After a week of controversy over his battle with Fox News debate moderator Megyn Kelly, Donald Trump now says he would consider a woman as his running mate if he manages to win the 2016 GOP presidential nomination.
“Certainly, I would consider a woman as a running mate,” the high-flying Trump told Michael Sneed of CBS-Chicago on Wednesday. “I am all for the concept. It would have to be the right person and I’m not going to go into who that would be right now. But I have great respect for women. I have great respect for women who are executives in my company. I have great respect for women’s judgment.”
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Republicans have long had trouble attracting women, Hispanics and other minorities to support their national tickets, and Trump may have just pushed that problem to new heights with his combative – and even menacing – comments to Kelly during the two-hour Republican debate on Fox News last week.
A new poll of Iowa caucus-goers strongly suggests Trump is running up against a gender gap. Trump tops the field of Republican candidates with 22 percent of the vote – a 15-point lead over his nearest rival, Wisconsin Gov. Scott Walker, according to a CNN/ORC poll. However, Trump trails in the poll among women.
Some 20 percent of women surveyed back former Johns Hopkins neuro-surgeon Ben Carson, while only 15 percent back Trump and 11 percent support former Hewlett-Packard CEO Carly Fiorina, who many feel performed best of all during a debate for the second tier of GOP candidates.
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So who might Trump pick as a female running mate if he turns out to be the GOP’s standard-bearer? He would have a strong field of female Republican candidates to choose from, including:
n South Carolina Gov. Nikki R. Haley, an Indian-American, demonstrated real star power earlier this year when she led her state through the tragedy of a mass shooting at an historic black church in Charleston and then led the way in removing a Confederate Battle Flag from the grounds of the state capital.
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- New Mexico Gov. Susana Martinez, a highly popular Republican who had no trouble winning election in 2014, is frequently mentioned for a spot on a national ticket. She would provide broad appeal to both women and Hispanics.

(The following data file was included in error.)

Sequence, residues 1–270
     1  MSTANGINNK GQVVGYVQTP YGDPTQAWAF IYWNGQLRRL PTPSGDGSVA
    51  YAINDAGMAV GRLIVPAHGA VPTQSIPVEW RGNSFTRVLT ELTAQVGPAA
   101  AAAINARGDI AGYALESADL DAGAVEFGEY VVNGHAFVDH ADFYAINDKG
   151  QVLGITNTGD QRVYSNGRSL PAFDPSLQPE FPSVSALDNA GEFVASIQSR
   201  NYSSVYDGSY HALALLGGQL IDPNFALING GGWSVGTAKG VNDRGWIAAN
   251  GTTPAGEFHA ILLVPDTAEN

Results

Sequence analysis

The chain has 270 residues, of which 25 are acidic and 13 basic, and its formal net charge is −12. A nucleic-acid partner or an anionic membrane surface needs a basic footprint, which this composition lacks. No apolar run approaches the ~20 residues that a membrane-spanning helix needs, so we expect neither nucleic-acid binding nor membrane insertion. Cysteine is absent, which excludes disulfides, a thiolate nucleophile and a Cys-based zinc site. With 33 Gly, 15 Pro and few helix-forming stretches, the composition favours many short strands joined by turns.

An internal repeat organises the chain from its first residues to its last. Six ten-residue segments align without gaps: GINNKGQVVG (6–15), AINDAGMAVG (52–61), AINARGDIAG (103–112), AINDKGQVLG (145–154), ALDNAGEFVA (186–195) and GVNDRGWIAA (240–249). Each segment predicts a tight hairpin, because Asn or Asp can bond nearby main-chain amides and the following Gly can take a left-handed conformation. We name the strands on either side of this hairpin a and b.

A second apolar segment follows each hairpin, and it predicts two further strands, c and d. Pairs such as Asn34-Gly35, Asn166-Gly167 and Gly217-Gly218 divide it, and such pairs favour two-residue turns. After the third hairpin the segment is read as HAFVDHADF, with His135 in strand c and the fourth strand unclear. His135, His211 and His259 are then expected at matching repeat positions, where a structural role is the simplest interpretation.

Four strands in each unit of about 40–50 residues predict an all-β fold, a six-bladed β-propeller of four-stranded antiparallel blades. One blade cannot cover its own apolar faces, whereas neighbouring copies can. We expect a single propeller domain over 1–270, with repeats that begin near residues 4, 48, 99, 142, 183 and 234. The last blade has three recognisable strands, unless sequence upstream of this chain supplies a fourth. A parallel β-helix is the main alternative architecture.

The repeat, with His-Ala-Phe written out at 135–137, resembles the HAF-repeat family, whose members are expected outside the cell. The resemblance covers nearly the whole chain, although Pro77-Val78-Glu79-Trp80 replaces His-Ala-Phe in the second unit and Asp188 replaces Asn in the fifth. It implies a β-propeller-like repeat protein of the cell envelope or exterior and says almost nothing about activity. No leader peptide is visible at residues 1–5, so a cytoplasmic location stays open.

- New Hampshire Sen. Kelly Ayotte is a fast rising star in Washington who has taken a leading role in the debate over defense and national security.
- Freshman Iowa Sen. Joni Ernst also has generated a buzz in Washington after delivering this year’s Republican response to President Obama’s State of the Union address. Ernst, an Iraq combat veteran, has already become a force in Iowa state politics and organized a major event for GOP presidential candidates.
- Former Secretary of State Condoleezza Rice, an African-American who would be a match for Clinton’s foreign policy expertise, occasionally has been mentioned as a possible GOP candidate. However, she has shown little interest in national politics since leaving the administration of President George W. Bush, and – if she were to run -- she would have to answer for many of Bush’s more controversial policies in Iraq and Afghanistan.
This list leaves out the obvious choice of Fiorina. Before it’s all over, Trump may regret his snarky comments about the sole female GOP candidate, who was forced out of Hewlett-Packard in 2005 and lost a race in California for the U.S. Senate in 2010.
Trump tweeted after the debate, “I just realized that if you listen to Carly Fiorina for more than ten minutes straight, you develop a massive headache. She has zero chance!” Earlier this year, the Donald had some other unkind words for Fiorina: “I think she’s a very nice woman. But she got fired. And, she lost in a landslide. Does that qualify you to run for president?”
Having a woman on the 2016 ticket might not be a bad idea for the Republicans, especially if former secretary of state Hillary Rodham Clinton manages to lock down the Democratic presidential nomination despite her current shaky performance. In 2012, Republican presidential nominee Mitt Romney lost women voters to President Obama by an 11-point margin, according to exit polling. Women made up 53 percent of the presidential electorate that year.
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Years ago, when Trump considered running for president as a Reform Party candidate in 1999, he mused that it might be interesting to run with Oprah Winfrey, the television, movie and publishing powerhouse. During an interview with George Stephanopoulos of ABC News shortly after announcing his candidacy this spring, Trump didn’t dismiss out of hand the idea of running with Winfrey.
“I think Oprah would be great. I’d love to have Oprah,” he said, sitting with Stephanopoulos at his high-rise. “I think we’d win easily, actually.”